3 Comelec execs retiring; eyes on next Duterte picks
With the looming vacancies at the Commission on Elections (Comelec), the public should be given leeway to vet President Rodrigo Duterte’s possible appointments to the poll body for the sake of transparency, according to a pro-democracy coalition.
The nonpartisan Participate PH pointed out that three important positions in the poll body would be vacated at the retirement next month of Comelec Chair Sheriff Abas and Commissioners Rowena Guanzon and Antonio Kho Jr.
Guanzon is the presiding commissioner of the poll body’s First Division, which is handling all three disqualification cases against presidential candidate Ferdinand Marcos Jr.
“These three vacancies to be left by the outgoing members of the commission are crucial, especially with the ongoing election preparations and the challenges that confront and confound us as we are holding elections under peculiar circumstances due to the current COVID-19 pandemic,” Participate PH said in a statement on Thursday.
The coalition cited a “unity statement” issued last week, which gathered over 2,500 member-organizations from various sectors in supporting the call to guarantee the transparency of the process of selecting new officials of the Comelec through the participation of the public.
It said the proposed public participation would “ensure that the next officials are committed to maintaining the political independence of the electoral body and ensuring the integrity of our elections.”
Guanzon’s retirement may leave hanging certain major issues yet to be resolved by the Comelec, such as the disqualification cases filed against the son and namesake of the late dictator Ferdinand Marcos.
There is also the final list of national candidates for the May 9 elections, which the poll body had promised to be released by Jan. 15.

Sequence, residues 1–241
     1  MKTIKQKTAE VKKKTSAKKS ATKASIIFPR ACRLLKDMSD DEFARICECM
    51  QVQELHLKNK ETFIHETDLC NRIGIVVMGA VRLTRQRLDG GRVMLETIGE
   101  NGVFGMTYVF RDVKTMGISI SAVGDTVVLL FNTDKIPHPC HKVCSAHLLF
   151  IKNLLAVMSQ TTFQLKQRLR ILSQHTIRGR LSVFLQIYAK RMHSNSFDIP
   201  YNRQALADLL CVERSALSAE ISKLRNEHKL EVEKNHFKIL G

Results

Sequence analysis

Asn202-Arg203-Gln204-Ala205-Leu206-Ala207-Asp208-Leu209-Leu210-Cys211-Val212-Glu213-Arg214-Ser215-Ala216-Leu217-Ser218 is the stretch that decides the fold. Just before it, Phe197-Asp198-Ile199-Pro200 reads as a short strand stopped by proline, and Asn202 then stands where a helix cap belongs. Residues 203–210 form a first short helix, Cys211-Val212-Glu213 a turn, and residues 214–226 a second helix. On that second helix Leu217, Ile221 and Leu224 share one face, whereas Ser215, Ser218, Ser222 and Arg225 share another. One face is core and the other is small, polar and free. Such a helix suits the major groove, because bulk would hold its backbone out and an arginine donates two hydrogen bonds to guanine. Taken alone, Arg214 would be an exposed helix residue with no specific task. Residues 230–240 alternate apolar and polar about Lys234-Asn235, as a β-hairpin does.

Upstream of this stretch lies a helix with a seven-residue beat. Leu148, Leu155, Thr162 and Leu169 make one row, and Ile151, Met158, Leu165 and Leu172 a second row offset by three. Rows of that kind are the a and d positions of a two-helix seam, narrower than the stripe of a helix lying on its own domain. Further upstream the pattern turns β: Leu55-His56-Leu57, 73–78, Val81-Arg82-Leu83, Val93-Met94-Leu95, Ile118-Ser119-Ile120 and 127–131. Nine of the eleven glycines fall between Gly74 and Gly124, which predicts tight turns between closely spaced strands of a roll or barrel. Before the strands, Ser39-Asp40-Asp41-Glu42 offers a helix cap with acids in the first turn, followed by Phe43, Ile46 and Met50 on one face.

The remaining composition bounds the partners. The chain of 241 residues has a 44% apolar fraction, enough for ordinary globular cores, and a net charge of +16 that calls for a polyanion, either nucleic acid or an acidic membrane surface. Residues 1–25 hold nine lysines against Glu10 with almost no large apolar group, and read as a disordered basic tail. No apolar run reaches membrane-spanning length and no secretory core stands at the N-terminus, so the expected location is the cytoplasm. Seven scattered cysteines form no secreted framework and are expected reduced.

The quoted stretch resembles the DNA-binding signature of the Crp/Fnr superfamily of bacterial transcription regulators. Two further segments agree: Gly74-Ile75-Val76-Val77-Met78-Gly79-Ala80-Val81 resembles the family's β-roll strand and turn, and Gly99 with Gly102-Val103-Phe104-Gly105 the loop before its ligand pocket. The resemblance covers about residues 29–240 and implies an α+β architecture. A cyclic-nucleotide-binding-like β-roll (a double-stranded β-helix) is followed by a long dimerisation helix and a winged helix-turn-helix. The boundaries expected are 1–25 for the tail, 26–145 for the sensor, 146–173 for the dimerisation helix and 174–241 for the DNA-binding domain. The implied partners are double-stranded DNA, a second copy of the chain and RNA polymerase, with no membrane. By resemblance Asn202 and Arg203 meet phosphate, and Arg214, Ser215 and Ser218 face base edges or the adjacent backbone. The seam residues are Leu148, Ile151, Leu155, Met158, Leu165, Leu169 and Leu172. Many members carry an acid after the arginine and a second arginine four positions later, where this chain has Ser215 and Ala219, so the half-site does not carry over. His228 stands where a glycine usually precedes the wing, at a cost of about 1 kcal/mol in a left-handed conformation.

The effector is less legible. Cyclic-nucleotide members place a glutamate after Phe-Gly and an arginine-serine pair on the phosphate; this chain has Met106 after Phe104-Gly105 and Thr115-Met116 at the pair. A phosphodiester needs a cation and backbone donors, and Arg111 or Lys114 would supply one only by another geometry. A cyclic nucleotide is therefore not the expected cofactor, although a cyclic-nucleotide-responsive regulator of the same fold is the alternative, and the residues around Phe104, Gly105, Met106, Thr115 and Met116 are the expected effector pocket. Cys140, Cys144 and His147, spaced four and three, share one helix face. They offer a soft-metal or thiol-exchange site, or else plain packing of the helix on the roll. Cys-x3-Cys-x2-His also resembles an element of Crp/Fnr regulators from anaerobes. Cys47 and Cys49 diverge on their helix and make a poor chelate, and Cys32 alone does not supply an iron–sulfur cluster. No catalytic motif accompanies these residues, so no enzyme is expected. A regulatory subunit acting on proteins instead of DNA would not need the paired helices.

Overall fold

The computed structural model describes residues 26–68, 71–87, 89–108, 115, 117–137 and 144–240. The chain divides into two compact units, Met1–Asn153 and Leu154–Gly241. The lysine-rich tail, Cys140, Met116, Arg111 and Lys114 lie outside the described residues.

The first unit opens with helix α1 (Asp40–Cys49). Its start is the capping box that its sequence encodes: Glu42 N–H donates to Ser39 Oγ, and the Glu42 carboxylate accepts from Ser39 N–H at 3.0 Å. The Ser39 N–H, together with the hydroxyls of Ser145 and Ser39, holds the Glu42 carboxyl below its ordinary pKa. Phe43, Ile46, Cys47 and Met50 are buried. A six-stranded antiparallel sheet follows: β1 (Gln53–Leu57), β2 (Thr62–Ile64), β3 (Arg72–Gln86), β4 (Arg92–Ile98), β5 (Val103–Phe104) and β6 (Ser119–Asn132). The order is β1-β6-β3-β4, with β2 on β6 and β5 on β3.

Of the three disqualification cases, the petition filed by Abubakar Mangelen is already up for resolution since both he and Marcos Jr. did not show up at the recent hearing presided over by Guanzon
Mangelen claims to be the duly elected chair of the Partido Federal ng Pilipinas, under which Marcos Jr. is running as standard-bearer.
The other two cases, one filed by martial law survivors led by Bonifacio Ilagan and the other by the Akbayan Citizens’ Action Party, have been consolidated by Guanzon’s division. The petitioners are contesting Marcos Jr.’s presidential candidacy on the basis of his tax evasion conviction in 1995.
Participate PH suggested four ways by which the President could ensure a transparent vetting process for the appointees to the Comelec:
• Forming a search and selection committee composed of representatives of various sectors, including election stakeholders, to come up with a shortlist of nominees.
• Providing a clear set of criteria in the selection and appointment of the Comelec chair and commissioners.
• Making the appointment process “as open and transparent as possible to the general public,” for it to exercise its right to know the capacity and merit of those who would be considered and eventually named to the posts.
• Ensuring that the appointments would be based on the candidates’ integrity, proven competence, probity and independence.
“As a nonpartisan and pro-democracy coalition comprising more than 2,500 organizations, Participate PH extends its support to the Comelec and the national government in whatever ways necessary in the pursuit of genuine democracy,” the coalition said.
The Comelec is dominated by appointees of the President, including Chair Abas, Commissioners Kho, Socorro Inting, Marlon Casquejo, Aimee Ferolino, and the latest appointment, Rey Bulay, who only recently began performing his duties in the poll body.
Guanzon is the last commissioner appointed by President Benigno Aquino III to the poll body. Upon her retirement, all commissioners would now be Mr. Duterte’s appointees.
This worries election watchdog Kontra Daya and even opposition groups like 1Sambayan, which had expressed concern over Mr. Duterte having “control” over the Comelec.
For Participate PH, which is made up of organizations from the civic, academic, youth, women, religious and other sectors, the election commissioners should be able to “assert their autonomy” without any political force intervening in the performance of their mandates.
“The Comelec is called to safeguard the electoral process, the very foundation of our democracy,” the coalition said in the course of describing the importance of the May 9 elections. “In doing so, we hope that the commission will constantly put premium on engaging the election stakeholders and creating spaces for collaboration and transparency,” it added.
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